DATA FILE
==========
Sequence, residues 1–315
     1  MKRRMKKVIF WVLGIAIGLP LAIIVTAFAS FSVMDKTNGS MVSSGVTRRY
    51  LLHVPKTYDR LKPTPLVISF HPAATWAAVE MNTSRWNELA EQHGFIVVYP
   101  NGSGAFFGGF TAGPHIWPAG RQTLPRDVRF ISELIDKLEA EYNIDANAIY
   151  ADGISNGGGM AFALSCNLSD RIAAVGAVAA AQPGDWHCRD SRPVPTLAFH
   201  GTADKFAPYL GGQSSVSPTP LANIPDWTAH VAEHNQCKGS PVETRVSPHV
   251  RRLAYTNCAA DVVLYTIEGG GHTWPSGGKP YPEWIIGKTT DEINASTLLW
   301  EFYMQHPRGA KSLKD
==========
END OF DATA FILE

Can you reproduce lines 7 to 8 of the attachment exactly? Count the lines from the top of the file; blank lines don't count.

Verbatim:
   251  RRLAYTNCAA DVVLYTIEGG GHTWPSGGKP YPEWIIGKTT DEINASTLLW
   301  EFYMQHPRGA KSLKD